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On your Mark

The paradox of call

When he had gone a little farther, he saw James son of Zebedee and his brother John in a boat, preparing their nets. Without delay he called them, and they left their father Zebedee in the boat with the hired men and followed him. (Mark 1:19,20, NIV)

Several weeks ago I visited the Vietnam Veterans Memorial in Washington, D.C. Engraved into the long Memorial Wall are the 58,195 names of all American military killed in that war. I looked for the one I knew, Phillip A. Nichols. I found him at section 7W, line 133. I reached down and placed my hand on his name.

Phil and I entered college at the same time. Both of us planned to be ministers of the gospel: Phil through military chaplaincy and I through pastoral ministry. We lived in the same dorm and attended the same small classes. Phil married his college sweetheart, JoAnna, at the beginning of their last year in college.

Time went by. Phil went on to seminary, as did I, only to different schools. He received his chaplaincy appointment after two years of pastoral ministry and headed off to Vietnam, leaving JoAnna and their three young children behind.

While bivouacking with his troops one night, someone hit a tripwire and all the men in the company were killed in the explosion. To this day, Phil is the only Assemblies of God chaplain ever to lose his life in the conflict of war.

When I read the above verses from Mark about James and John, I think of Phil and me. The brothers James and John, and two friends — Phil and I — were all called to follow Jesus.

You know the gospel history. James became the first of the Twelve martyred for his faith (Acts 12:1,2), and John lived longer than all the others. We are never told why. That’s the paradox of the call. Its beginning is the same; the ending is different for each one called.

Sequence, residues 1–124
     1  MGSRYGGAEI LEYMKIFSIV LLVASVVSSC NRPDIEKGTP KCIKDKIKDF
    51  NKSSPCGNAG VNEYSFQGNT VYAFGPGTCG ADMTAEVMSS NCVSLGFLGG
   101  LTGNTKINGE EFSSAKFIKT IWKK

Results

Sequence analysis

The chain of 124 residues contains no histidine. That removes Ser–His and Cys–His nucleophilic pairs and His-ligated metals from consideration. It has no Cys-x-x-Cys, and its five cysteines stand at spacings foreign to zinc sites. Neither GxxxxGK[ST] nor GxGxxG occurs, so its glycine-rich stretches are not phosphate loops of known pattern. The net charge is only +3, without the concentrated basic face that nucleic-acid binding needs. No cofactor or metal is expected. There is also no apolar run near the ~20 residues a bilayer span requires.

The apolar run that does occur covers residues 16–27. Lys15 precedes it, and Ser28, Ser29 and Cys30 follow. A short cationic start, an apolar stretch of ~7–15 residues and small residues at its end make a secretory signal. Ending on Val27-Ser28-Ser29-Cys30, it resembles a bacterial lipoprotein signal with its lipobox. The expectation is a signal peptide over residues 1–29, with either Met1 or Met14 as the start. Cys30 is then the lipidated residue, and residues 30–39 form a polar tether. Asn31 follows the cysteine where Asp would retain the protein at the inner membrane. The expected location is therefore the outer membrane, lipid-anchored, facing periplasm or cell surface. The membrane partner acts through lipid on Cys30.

The fourth Gospel tells us John had actually been a follower of John the Baptist when he and Andrew heard the Baptist say of Jesus, “Look, the Lamb of God.” So, they asked Jesus where He was staying and He told them, “Come and see.” Sixty years later, when writing his Gospel, John still remembered the time of day of that call — about 4 o’clock in the afternoon (John 1:35-39).

That first brush with Jesus had been down by the Judean desert, just north of the Dead Sea. Evidently John did not stay with Jesus long at that time because in the verses above we find him up north on the Lake of Galilee plying his trade as a commercial fisherman with his brother James and hired help.

Suppose we could interview James and John today: “James, you were killed early on, and John you lived longer than all the others, and spent your last years as an exiled prisoner on a lonely wind-swept island. Do either of you regret having obeyed so instantly Christ’s call? Looking back, would you have taken more time for reflection before leaving everything behind to follow Jesus?”

“Absolutely no regrets!” I hear them answer. “Jesus gave us the greatest privilege in life — to follow Him, all the way to eternity. And if we had it to do over again, we would leave everything instantly to follow Him!”

Phil and I would say the same thing. His life was cut short. I’ve lived long. But, following Jesus is the greatest thing of all!

GEORGE O. WOOD is general superintendent of the Assemblies of God.

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